SK Parking, 2001/2021
Kunsthalle EXT / BRATISLAVA (Slovakia)
27.01.2021 – 14.03.2021

Twenty years on, Roman Ondak has reinstalled his cult work SK Parking, which consists of a constellation of seven parked Škoda cars. He invites us to consider the following questions: in what way is this work still topical today, and right here on this street? Is there a still-existing abyss between East and West, remaining part of our geographical space, and indeed mirroring the state of the building before which the work is found (and of certain institutions within it)?

The Škodas were originally exhibited in 2001, as part of Ausgeträumt... (End of a Dream...), curated by Katrin Rhomberg in the Viennese Secession. That exhibition mapped the art of Eastern Europe ten years after the fall of the Iron Curtain. The parked Škodas (dating from the late 1970s to the first half of the 1990s) in the centre of Vienna unsettled the nerves of passers-by, calling up associations of danger, illegality, black market and smuggling (which was flourishing at that time on Vienna’s periphery). They awakened a latent, slumbering xenophobia.

Ondak here radically, yet at the same time discreetly, stressed the unequally divided power relationships dominating the entire geopolitical reality, within which the countries of the former West have enjoyed, and still enjoy to this day, higher status and privileges.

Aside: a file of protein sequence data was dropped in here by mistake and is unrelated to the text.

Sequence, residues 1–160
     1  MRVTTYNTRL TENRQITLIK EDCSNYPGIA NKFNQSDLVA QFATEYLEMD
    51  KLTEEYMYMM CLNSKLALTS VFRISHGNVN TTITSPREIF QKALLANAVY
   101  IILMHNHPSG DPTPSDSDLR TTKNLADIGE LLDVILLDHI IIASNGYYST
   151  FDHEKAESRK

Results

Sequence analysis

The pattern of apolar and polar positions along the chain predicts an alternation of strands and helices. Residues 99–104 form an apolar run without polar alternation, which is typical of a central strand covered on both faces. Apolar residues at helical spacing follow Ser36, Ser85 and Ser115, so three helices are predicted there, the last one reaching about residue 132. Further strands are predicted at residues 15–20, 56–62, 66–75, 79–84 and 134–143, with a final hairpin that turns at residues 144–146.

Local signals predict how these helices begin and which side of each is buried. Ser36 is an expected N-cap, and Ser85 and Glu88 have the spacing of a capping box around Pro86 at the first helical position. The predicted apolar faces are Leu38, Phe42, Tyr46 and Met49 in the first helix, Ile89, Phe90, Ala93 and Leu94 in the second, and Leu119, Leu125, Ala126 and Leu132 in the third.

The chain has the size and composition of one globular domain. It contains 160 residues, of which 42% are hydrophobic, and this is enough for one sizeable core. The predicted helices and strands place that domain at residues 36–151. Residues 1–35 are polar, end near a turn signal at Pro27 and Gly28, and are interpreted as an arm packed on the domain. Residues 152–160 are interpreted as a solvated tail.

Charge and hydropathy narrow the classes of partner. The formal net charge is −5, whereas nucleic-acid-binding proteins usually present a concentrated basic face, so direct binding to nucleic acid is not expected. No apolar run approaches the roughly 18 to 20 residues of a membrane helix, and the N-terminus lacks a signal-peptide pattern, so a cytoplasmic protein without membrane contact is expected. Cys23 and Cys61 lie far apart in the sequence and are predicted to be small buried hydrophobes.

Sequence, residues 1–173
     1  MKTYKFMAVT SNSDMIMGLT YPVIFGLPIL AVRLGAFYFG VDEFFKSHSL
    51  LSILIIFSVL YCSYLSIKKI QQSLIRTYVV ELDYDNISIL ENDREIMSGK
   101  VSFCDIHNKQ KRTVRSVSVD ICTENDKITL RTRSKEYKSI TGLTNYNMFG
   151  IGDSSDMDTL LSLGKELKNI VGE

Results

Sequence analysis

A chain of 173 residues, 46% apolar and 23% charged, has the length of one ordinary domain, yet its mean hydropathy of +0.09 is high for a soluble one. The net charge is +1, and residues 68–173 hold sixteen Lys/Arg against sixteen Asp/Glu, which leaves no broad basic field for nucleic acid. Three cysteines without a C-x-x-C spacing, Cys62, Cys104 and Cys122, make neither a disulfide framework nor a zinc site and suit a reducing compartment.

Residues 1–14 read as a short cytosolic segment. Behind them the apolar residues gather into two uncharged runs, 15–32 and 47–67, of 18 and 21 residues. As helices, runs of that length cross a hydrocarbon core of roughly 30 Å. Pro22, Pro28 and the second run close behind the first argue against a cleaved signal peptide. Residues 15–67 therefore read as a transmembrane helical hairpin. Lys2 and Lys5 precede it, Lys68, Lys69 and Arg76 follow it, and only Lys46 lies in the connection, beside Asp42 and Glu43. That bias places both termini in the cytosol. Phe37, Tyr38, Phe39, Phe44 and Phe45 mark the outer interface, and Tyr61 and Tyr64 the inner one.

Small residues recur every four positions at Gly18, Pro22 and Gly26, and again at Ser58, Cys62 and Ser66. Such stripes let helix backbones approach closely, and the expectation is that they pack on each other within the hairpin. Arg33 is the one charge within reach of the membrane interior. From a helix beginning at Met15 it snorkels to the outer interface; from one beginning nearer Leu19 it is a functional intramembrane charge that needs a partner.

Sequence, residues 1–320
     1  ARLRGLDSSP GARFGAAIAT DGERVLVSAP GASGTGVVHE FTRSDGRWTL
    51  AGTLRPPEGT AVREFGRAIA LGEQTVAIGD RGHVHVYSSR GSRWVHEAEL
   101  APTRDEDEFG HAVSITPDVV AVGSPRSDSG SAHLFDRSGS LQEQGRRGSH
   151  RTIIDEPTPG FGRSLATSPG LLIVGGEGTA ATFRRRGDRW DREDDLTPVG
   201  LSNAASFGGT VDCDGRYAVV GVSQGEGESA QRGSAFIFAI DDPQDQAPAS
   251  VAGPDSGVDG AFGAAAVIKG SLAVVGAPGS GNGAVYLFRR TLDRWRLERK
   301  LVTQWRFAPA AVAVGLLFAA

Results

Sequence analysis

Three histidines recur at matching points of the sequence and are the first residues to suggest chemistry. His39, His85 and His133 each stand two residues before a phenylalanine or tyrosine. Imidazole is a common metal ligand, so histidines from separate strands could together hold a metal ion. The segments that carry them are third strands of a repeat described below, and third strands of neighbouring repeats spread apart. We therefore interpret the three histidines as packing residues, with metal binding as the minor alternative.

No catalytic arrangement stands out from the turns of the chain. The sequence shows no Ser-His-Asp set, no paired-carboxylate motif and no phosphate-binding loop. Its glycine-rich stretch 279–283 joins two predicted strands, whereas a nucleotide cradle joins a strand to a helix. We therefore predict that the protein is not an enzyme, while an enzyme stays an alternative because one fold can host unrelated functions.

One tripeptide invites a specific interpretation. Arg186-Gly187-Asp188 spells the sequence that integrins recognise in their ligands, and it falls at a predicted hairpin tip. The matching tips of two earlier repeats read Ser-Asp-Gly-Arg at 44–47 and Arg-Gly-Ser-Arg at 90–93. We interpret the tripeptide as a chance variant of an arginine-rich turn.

“That the entire event made its way successfully is also thanks to the help of my friends, who helped me to find the Škodas and drive them to Vienna. On the other side there was a group of friends from the Vienna Secession, who supported this idea and gave it a space. We had to experience small revolutions together almost every day if we wanted things to change for the better. And that would still seem to hold true to this present day,” Roman Ondak recalls. There is also an interesting parallel to SK Parking, not outdated even today in contemporary Bratislava: cars park in a highly visible, privileged place in the centre of the city, where parking is permitted only to the elect. This also used to be the case in Vienna, and precisely for this reason the Škodas evoked questions and ill-feeling, but also curiosity. The work is controversial right here in the centre of Bratislava on Treskoňová Street — this time round, in the light of public discussion of the city’s parking policy.

SK Parking is also topical in terms of the functioning of state cultural institutions in our country, which often act as if they were from the socialist period or just after it. “And this is also the case of Kunsthalle Bratislava, residing in a House of Art which is linked with the practices of the former regime par excellence. The Kunsthalle itself functions in a framework of cumbersome bureaucratic limitations set by public administration, which are often difficult to reconcile with the needs and ideals of the dynamic, progressive operation that it is expected to achieve. Hitherto, the heritage of the old socialist regime has not departed even from the Kunsthalle’s building. Many of its corners, and much of its functioning, breathe the atmosphere of those times when the currently exhibited Škodas were actually made,” says Lýdia Pribišová, curator of the exhibition.

Curated by Lýdia Pribišová

Courtesy of of the artist and Kunsthalle Bratislava
Photocredit Archive Kunsthalle Bratislava / Martin Marenčin